Dad stuff. Two of the dads, though, are the surviving members of the Beastie Boys: Adam Horovitz, with upswept gray hair and a white T-shirt with a faint graffito on the front; and Michael Diamond, wearing a bright red button-up, his hair still dark, his face creased and tan from years living in Southern California. Ad-Rock and Mike D, in other words. The third Beastie, Adam Yauch — MCA, the conscience, shaman and intellectual backbone of the group — died in after a three-year battle with salivary gland cancer. His absence, six years later, is a palpable fact in the room.
His name comes up a lot in the conversation, as it does in the new book Horovitz and Diamond have written. The volume, full of old photographs and comics, with a riot of fonts and layouts, is a nonmusical summa of Beastie aesthetics. Some scores are settled, some beef is squashed, and no doubt some ugly business gets airbrushed or skipped over. Bad behavior is acknowledged; feminist-ally bona fides are upheld. In the beginning, in the early s, the name was an acronym for Boys Entering Anarchistic States Toward Internal Excellence, Diamond writes, and the lineup included a girl, Kate Schellenbach.
The group migrated from hardcore to hip-hop when rap looked more like a fad than like a dominant force in pop culture. Yauch was a Buddhist and an outspoken feminist. The Beasties practiced cross-platform brand extension before those awful words became cultural currency. Around the same time, they started a magazine called Grand Royal that was also sort of a record label and also sort of a lifestyle consumer emporium and also sort of a clubhouse where you could feel simultaneously like a noob and a savant.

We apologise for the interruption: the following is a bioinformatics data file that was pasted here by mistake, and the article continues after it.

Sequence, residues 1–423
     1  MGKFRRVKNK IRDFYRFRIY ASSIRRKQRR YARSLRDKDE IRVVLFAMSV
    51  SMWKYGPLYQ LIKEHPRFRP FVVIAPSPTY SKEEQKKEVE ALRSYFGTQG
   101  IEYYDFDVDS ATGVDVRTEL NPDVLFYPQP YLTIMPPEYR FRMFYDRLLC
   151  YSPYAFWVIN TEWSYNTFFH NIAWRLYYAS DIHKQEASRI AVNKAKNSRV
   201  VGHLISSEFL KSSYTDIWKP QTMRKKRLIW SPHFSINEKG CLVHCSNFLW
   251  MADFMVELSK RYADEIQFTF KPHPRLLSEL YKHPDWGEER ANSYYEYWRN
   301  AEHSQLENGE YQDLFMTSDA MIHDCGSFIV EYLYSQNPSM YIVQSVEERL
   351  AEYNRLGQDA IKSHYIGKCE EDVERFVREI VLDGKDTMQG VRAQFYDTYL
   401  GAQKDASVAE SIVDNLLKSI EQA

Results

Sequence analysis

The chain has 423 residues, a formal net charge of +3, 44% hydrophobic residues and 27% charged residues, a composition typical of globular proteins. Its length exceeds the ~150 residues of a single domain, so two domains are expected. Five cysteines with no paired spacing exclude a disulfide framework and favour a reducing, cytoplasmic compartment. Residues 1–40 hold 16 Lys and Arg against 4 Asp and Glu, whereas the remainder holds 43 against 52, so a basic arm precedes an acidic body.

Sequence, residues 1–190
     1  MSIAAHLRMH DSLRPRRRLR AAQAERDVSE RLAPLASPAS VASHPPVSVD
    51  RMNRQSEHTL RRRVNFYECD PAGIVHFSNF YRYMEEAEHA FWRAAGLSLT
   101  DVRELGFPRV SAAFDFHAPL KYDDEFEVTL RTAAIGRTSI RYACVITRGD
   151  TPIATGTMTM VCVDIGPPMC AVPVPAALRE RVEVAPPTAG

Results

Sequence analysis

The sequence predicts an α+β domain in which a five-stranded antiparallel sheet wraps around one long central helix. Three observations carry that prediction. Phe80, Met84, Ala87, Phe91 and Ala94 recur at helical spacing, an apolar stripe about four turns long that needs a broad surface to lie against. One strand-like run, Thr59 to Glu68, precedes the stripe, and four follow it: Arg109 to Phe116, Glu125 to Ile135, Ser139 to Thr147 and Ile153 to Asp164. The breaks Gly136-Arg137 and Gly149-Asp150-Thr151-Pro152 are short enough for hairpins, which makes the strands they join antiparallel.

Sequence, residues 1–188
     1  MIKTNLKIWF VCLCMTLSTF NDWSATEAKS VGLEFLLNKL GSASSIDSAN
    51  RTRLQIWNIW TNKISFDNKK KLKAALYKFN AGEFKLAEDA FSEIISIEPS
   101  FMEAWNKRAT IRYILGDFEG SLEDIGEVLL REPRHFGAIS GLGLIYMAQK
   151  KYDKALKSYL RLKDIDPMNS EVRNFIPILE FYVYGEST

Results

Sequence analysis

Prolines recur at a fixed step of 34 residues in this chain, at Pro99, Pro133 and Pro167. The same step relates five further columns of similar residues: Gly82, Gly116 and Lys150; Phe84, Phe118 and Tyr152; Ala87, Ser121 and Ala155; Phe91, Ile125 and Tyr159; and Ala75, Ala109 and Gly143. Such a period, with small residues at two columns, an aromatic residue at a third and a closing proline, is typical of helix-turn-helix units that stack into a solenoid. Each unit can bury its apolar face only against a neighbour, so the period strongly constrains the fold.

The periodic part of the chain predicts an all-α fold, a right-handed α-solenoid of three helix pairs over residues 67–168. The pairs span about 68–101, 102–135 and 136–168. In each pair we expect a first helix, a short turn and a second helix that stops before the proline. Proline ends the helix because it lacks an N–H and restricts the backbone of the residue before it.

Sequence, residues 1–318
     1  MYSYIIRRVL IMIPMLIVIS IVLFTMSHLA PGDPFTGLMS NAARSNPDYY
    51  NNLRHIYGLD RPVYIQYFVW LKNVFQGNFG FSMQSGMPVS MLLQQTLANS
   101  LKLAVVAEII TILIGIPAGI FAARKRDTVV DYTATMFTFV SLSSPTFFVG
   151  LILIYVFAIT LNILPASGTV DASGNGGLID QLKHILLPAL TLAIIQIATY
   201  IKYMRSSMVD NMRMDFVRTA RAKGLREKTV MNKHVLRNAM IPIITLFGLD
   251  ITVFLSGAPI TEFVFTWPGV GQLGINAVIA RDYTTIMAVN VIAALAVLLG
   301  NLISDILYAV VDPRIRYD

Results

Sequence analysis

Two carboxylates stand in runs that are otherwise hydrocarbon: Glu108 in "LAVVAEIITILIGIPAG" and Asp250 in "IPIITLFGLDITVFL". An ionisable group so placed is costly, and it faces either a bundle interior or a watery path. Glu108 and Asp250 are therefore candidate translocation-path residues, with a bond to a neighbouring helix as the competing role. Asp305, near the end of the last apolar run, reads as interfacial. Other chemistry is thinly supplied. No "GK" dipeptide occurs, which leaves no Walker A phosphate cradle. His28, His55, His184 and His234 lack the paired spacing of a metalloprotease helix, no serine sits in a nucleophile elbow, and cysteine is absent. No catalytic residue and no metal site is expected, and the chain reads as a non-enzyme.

It was like a website, but on paper. Silly and do-it-yourself, it had the disarming, off-the-cuff, look-what-I-found sense of artistic integrity that is central to the Beastie legacy. The three of us talked about that, and about a lot of other things. These are edited excerpts from the conversation. So how did the book come about? It was like an obsession. Then there was talk of somebody doing a book on the band so we were sort of like, we should get our act together and do it.
Then Yauch died and we were too sad and it was definitely not the time for us to touch it. And then we got back into it and it went through different manifestations. We started with the idea of getting people who were around the band and our friends and people who were involved at different points telling the story.
What did you most want it not to be? Were there places where you remembered things differently? It was more like: Do either of us remember? Because it was so formative and because of when it was in New York City. How do you remember that now — the music you listened to, and what gave you the idea that it was something you could do?
I could do that. The only accessible music that we could possibly do would be hard-core. Even punk seemed sophisticated. Prior to that, big rock bands were on the stage and that was unattainable. But if you went to a club like A7, the whole club was maybe the size of this hotel room, and there was literally a couch like this couch on the side of the stage. Another interesting thing that was happening when we started going out to clubs as teenagers — whether it was Mudd Club , or Danceteria or wherever — was this culture of everybody doing something.